2. The policy favoured by governments globally is to reduce carbon emissions through administrative measures, interdictions, fiscal incentives and public spending. One should not criticise these approaches, which are certainly useful – for example, closing the most polluting coal-fired power plants, as in China; subsidising renewables, thanks to tariffs paid by consumers, as in Germany; or giving the subsidies to households to reduce their consumption of fossil fuel energy, as in France.


But, for all their positive effects, these approaches are costly and their benefits to global welfare remain limited. Thus the best approach is via a market mechanism; when we implement markets for carbon, we can assume the market covers all emitted carbon and can be sure it is the origin of pollution, whoever is affected. 

For the market – and for carbon – to exist, emission permits that can be exchanged should be introduced. In this market, we can control the volume of emissions – allowing the price of carbon to adapt locally – or the price of carbon can be fixed, with the volume of emissions permitted becoming indigenous to demand.


Fixed versus controlled 

Two market systems currently exist: in the UK, for example, authorities fix the price; in the European Union and China, the trading system targets the volume of carbon emitted. The latter option is the least efficient because, by controlling volumes, the price becomes volatile and a very efficient proportion of the carbon price signal is lost. 

When the EU introduced an emissions trading system in the mid‑1990s, the price of carbon was €30 per tonne. Following the financial crisis it fell to €3 per tonne, where it remained for the best part of a decade. In 2013, the price of carbon increased to €25 per tonne, and is now decreasing again, to about €18 per tonne.

It must be emphasised that a significant, predictable and rising price of carbon is the best incentive for producers and consumers to shift their behaviour from highly carbon-intensive to low-carbon or even carbon-free products.

Common sense dictates that, with higher carbon prices, activities that generate high carbon emissions will cost more. There is a ‘substitution effect’ – to speak the language of the economist – towards sources of energy that emit less carbon. In the final analysis, getting rid of carbon – and therefore the problem of global warming – comes down to the level of the price of carbon.

There is a point at which carbon will simply be too costly for an economic activity to continue emitting it. A higher, predictable price of carbon is by far the most efficient device to fight climate change. In practice, a rise in the price of carbon raises the problem of feasibility, at least in the short to medium term, and the problem of competitiveness. If the price of carbon is raised too rapidly, some energy sources will become too costly, and lead to energy shortages and business closures.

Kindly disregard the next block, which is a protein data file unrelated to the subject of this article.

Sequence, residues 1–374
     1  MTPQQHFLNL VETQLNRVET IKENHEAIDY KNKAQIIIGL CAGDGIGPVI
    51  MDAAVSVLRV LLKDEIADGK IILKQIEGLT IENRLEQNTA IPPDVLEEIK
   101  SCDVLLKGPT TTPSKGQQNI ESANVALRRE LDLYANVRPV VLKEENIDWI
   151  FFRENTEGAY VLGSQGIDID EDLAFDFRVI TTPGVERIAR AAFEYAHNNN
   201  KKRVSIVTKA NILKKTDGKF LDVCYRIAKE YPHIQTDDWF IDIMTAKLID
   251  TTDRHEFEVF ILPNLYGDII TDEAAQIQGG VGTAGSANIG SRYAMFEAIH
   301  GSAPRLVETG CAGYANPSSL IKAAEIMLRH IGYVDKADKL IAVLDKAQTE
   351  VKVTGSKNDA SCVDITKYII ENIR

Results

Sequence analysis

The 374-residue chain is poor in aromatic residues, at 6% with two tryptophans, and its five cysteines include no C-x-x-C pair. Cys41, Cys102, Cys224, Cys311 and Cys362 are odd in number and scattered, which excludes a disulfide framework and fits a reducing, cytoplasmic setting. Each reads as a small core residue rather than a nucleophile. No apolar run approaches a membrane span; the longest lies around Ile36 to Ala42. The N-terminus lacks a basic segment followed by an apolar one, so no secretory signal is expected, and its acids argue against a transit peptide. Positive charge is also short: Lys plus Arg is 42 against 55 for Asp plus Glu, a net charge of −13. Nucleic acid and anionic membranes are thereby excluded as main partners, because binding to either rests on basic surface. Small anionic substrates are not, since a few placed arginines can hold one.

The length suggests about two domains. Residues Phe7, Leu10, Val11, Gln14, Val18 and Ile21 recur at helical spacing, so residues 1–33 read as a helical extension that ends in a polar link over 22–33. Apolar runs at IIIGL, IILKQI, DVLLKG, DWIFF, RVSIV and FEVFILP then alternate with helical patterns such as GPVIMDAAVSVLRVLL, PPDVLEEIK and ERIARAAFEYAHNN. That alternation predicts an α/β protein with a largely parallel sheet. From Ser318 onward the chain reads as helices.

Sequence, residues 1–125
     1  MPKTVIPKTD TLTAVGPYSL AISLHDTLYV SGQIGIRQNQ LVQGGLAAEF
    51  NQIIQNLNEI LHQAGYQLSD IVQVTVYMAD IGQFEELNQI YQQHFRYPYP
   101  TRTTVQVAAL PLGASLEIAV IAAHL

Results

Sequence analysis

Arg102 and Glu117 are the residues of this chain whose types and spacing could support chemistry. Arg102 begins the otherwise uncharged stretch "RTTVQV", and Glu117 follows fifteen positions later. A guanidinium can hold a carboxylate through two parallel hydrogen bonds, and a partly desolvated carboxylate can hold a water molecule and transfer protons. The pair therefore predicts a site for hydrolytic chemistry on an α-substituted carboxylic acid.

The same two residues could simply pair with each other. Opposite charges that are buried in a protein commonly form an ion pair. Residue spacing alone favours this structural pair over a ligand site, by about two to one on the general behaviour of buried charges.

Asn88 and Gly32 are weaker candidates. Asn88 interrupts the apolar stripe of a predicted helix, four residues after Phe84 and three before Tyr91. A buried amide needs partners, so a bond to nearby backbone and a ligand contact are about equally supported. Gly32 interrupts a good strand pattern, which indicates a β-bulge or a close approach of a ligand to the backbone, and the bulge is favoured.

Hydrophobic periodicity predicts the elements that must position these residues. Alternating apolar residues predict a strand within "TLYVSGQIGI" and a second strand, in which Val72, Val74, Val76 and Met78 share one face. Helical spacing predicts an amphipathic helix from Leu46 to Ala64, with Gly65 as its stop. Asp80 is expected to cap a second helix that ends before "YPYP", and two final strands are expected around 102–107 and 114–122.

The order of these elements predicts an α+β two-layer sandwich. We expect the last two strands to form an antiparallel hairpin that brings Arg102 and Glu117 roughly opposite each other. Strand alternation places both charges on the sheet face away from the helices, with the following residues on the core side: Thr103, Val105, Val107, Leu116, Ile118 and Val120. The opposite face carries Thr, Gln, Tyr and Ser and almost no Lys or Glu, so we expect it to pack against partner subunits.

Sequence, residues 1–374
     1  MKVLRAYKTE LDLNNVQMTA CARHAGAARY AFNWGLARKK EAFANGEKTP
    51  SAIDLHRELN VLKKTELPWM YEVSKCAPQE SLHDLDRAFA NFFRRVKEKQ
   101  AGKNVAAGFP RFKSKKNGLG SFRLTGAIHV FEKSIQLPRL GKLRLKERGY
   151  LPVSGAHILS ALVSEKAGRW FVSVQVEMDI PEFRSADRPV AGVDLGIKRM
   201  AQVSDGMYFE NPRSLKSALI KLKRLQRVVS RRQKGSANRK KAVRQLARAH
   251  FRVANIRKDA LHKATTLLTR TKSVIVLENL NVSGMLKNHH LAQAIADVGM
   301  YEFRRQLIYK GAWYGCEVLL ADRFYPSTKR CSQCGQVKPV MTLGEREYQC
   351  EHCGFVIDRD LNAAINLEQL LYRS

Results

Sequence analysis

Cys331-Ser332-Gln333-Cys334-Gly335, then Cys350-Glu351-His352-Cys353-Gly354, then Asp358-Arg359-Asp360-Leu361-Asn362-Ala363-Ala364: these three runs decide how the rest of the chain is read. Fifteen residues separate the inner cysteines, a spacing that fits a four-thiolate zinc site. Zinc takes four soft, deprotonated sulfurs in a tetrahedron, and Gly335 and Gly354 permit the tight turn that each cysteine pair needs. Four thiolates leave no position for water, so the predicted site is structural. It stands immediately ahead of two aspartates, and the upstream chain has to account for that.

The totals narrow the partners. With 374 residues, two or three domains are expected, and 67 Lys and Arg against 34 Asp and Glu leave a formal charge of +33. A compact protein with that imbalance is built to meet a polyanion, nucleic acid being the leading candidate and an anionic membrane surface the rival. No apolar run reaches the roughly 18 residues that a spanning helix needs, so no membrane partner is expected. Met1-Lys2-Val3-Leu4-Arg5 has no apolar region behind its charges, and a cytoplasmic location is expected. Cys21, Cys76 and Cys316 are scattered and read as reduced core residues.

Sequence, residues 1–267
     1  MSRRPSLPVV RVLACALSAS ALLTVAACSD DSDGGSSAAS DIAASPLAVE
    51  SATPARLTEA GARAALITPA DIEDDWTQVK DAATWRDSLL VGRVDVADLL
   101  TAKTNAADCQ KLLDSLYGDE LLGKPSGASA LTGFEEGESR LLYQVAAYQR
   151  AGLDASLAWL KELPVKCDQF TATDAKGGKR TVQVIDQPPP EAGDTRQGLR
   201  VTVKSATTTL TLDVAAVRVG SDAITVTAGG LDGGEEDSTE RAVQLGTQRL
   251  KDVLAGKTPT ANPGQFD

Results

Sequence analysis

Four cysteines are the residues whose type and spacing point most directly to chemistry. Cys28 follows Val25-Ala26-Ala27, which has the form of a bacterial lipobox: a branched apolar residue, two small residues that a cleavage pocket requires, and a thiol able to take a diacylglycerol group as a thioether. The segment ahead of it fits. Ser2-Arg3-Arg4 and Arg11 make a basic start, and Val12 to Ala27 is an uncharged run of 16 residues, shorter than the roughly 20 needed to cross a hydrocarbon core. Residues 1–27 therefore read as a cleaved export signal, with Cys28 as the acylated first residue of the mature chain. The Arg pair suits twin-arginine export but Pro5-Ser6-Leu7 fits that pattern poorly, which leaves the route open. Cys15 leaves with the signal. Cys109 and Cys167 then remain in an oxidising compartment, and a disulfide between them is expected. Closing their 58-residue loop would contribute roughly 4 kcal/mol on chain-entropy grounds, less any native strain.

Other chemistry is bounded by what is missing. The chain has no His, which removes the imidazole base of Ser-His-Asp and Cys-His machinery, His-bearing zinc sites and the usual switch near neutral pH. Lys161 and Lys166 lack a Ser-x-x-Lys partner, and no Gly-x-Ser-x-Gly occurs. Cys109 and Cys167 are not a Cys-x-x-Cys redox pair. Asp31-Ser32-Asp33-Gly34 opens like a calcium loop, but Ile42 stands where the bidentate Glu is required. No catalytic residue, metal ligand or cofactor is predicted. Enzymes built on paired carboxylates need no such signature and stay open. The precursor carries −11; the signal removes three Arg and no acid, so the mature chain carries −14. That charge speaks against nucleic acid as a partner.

These are reasons that predictable, incremental processes are proposed – for example, inflation plus a given year-on-year percentage increase would allow economic structures to adapt smoothly to the energy transition. The carbon price is, therefore, an incentive as well as a signal to follow the right path in the least painful manner.


A task force for change

But there is resistance. To overcome this, and to encourage the EU to adapt the carbon price-based system, a task force comprising high-level personnel has been launched in Europe. 

China is considering the introduction of a similar device to complement and better equip the initiatives it has already launched, probably globally, and to contribute to settling the competitiveness risk argument. An initiative is also being instigated under the umbrella of the International Finance Forum, which is planning a joint meeting in Paris of Chinese and EU leaders to exchange ideas about carbon pricing.

By pushing forward with this initiative, both Europe and China are showing their willingness to face this major challenge for humanity together, with determination and efficiency. 


This article is part of The IFF China Report 2019, which draws mainly on content provided by China-headquartered think tank, the International Finance Forum, and is published in association with Central Banking.